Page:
Journal of the Society for Asian Humanities (JOSAH)


The Journal of the Society for Asian Humanities (JOSAH) is the  flagship publication of the Australian Society for Asian Humanities and has been issued continuously since 1960. It is the oldest journal on Asia currently published in Australia.

 E-texts are available through INFORMIT while printed copies can be obtained by email to Until vol. 51 (2019), its title was JOSA: Journal of the Oriental Society of Australia.

Current Issue
Emil Forchhammer’s photograph of the inscribed Yattara bell, Mahamuni temple complex, Dhanyawadi, 1885. From Bob Hudson’s article “‘Using Magic, Religion and Architecture to Ward off the Enemies of Mrauk-U, Old Arakan, Myanmar”

JOSAH Vol. 54
It is my pleasure once again to introduce the latest issue of the Journal of the Society for Asian Humanities. At a time when Humanities research is under threat from university administrations and culture warriors, it is significant to be able to present established and emerging scholars in Asia and Australia who represent outstanding scholarship in the field. The strength of the field is epitomised by the continual revitalisation of our editorial board and executive, and it is heartening to have the support of the global research community.Volume 54 features articles contributing new understandings of Chinese theatre history, a performance-based approach to intercultural music, analysis of late Ming homoerotic literature, queer literature from Taiwan, missionary importation of Chinese children to the Philippines in the nineteenth century, Song dynasty dream literature and Japanese television drama. The latter two articles are once again the result of our Emerging Scholars competition. As well as these regular articles, we have an expanded number of features. The A.R. Davis Memorial Lecture by Vera Mackie takes the form of a photo essay on Asia in the centre of Sydney. A special report by Bob Hudson describes magical elements in the archaeology of Mrauk-U, Arakan, Myanmar. And Cătălina Bălan and Josh Stenberg present translations of Chinese texts from the colonial period of the Netherlands East Indies. Sadly, we also include an obituary to Soumyendra Nath Mukherjee, who was an important figure for the journal, for the Australian Society for Asian Humanities and for the teaching of Asian Studies at the University of Sydney in the latter part of the twentieth century.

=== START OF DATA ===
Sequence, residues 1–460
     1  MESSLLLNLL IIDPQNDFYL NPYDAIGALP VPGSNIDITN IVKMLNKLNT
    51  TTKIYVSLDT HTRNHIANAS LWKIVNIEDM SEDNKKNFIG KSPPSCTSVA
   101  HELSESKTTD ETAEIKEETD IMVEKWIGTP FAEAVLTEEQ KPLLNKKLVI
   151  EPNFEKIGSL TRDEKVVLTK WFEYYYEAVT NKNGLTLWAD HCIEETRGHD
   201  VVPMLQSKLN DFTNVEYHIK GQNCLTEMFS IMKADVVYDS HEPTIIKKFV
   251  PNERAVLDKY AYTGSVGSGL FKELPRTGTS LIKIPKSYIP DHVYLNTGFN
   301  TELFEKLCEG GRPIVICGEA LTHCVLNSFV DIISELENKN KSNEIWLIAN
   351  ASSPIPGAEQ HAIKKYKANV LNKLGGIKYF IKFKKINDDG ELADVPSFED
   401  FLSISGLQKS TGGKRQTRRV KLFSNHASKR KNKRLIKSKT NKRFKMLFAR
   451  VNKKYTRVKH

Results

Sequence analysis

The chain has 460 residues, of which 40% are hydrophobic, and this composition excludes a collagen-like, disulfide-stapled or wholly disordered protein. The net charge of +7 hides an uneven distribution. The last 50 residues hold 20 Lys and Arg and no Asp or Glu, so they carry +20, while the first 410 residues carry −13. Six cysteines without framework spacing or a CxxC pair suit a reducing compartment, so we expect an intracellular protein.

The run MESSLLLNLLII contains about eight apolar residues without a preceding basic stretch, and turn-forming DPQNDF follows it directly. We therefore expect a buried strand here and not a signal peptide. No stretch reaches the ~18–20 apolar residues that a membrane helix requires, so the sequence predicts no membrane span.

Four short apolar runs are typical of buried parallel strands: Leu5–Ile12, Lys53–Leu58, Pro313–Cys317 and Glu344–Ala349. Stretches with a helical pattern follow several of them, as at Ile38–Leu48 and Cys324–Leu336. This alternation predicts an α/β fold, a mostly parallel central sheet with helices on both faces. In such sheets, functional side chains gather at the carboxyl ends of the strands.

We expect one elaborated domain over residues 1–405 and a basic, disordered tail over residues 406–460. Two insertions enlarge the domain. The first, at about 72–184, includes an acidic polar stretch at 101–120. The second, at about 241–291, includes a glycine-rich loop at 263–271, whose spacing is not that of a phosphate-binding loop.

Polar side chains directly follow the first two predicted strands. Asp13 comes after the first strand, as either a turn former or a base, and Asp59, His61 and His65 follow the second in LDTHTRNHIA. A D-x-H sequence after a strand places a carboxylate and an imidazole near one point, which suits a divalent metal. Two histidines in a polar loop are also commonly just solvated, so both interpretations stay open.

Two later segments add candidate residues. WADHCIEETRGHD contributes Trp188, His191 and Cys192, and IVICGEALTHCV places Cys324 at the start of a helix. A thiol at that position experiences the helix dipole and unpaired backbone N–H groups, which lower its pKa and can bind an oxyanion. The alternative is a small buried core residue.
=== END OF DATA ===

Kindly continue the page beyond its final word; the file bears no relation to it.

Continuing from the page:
Promoting Asian Studies in Australia since 1956

The Australian Society for Asian Humanities promotes the knowledge of Asia in Australia and provide a venue for scholars working in Asian humanities to present their work to their peers and others interested in Asia. We regularly run lectures, discussions and exhibitions to encourage the study of Asian history and culture.